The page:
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ABSTRACT: Fe-S cluster biogenesis is an essential pathway coordinated by a network of protein-protein interactions whose functions include desulfurase activity, substrate delivery, electron transfer and product transfer. In an effort to understand the intricacies of the pathway, we have developed an in vitro assay to follow the ferredoxin role in electron transfer during Fe-S cluster assembly. Previously, assays have relied upon the non-physiological reducing agents dithionite and dithiothreitol to assess function. We have addressed this shortcoming by using electron transfer between NADPH and ferredoxin-NADP-reductase to reduce ferredoxin. Our results show that this trio of electron transfer partners are sufficient to sustain the reaction in in vitro studies, albeit with a rate slower compared with DTT-mediated cluster assembly. We also show that, despite overlapping with the CyaY protein in binding to IscS, Fdx does not interfere with the inhibitory activity of this protein. We suggest explanations for these observations which have important consequences for understanding the mechanism of cluster formation. Cofactor-dependent proteins: evolution, chemical diversity and bio-applications. Copyright © 2015. Published by Elsevier B.V.
Article: Chronochemistry in neurodegeneration[Show abstract] [Hide abstract]
ABSTRACT: The problem of distinguishing causes from effects is not a trivial one, as illustrated by the science fiction writer Isaac Asimov in a novel dedicated to an imaginary compound with surprising "chronochemistry" properties. The problem is particularly important when trying to establish the etiology of diseases. Here, we discuss how the problem reflects on our understanding of disease using two specific examples: Alzheimer's disease (AD) and Friedreich's ataxia (FRDA). We show how the fibrillar aggregates observed in AD were first denied any interest, then to assume a central focus, and to finally recess to be considered the dead-end point of the aggregation pathway. This current view is that the soluble aggregates formed along the aggregation pathway rather than the mature amyliod fiber are the causes of disease, Similarly, we illustrate how the identification of causes and and effects have been important in the study of FRDA. This disease has alternatively been considered as the consequence of oxidative stress, iron precipitation or reduction of iron-sulfur cluster protein context. We illustrate how new tools have recently been established which allow us to follow the development of the disease. We hope that this review may inspire similar studies in other scientific disciplines.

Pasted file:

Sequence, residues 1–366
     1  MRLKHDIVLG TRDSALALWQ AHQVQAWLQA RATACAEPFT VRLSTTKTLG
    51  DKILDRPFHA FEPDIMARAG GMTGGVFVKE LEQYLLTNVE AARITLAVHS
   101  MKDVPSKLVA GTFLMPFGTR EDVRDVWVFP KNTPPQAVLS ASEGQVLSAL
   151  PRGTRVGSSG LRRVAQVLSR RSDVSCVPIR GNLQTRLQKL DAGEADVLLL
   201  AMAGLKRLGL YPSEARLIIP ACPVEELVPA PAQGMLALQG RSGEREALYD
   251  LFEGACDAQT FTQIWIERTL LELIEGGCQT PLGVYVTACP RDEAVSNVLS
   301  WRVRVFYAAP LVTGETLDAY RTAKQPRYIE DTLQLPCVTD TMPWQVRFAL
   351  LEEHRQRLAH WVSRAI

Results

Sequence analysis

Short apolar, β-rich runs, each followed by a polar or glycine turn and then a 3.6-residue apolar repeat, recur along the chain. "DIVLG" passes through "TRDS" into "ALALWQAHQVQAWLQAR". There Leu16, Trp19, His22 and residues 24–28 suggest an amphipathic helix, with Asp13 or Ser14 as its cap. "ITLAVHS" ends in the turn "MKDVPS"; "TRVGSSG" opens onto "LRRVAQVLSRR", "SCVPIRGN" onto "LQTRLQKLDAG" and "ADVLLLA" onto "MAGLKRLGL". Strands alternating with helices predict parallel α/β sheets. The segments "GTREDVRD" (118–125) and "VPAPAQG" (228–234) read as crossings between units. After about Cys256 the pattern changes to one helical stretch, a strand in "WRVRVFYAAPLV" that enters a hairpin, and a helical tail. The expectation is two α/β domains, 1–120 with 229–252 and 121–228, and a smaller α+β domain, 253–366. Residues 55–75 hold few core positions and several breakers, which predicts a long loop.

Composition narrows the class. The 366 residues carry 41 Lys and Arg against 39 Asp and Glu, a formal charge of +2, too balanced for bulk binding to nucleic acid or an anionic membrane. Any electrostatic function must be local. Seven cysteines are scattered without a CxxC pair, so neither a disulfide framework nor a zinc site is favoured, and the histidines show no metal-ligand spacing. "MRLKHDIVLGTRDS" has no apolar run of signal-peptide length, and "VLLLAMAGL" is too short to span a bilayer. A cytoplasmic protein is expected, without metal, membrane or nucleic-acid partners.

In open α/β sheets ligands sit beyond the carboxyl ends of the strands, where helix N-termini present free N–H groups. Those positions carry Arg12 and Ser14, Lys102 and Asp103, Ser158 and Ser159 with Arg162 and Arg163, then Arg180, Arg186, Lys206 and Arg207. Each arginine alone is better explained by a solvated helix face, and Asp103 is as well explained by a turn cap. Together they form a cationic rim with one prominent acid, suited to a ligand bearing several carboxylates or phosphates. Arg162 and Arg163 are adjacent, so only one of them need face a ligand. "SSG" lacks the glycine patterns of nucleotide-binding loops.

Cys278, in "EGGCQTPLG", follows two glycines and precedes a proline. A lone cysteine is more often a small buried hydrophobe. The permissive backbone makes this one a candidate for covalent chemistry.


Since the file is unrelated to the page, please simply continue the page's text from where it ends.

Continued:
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ABSTRACT: Migraine headaches are a common comorbidity in Rolandic Epilepsy (RE) and familial aggregation of migraine in RE families suggests a genetic basis not mediated by seizures. We performed a genome-wide linkage analysis of the migraine phenotype in 38 families with RE to localize potential genetic contribution, with a follow-up in an additional 21 families at linked loci. We used two-point and multipoint LOD (logarithm of the odds) score methods for linkage, maximized over genetic models. We found evidence of linkage to migraine at chromosome 17q12-22 (multipoint HLOD 4.40 (heterogeneity LOD), recessive, 99% penetrance), replicated in the second dataset (HLOD 2.61); and suggestive evidence at 1q23.1-23.2, centering over the FHM2 locus (2PT LOD 3.00, MP HLOD 2.52). Sanger sequencing in 14 migraine-affected individuals found no coding mutations in the FHM2 gene ATP1A2. There was no evidence of pleiotropy for migraine and either reading or speech disorder, or the electroencephalographic endophenotype of RE when the affected definition was redefined as those with migraine or the comorbid phenotype, and pedigrees re-analyzed for linkage.
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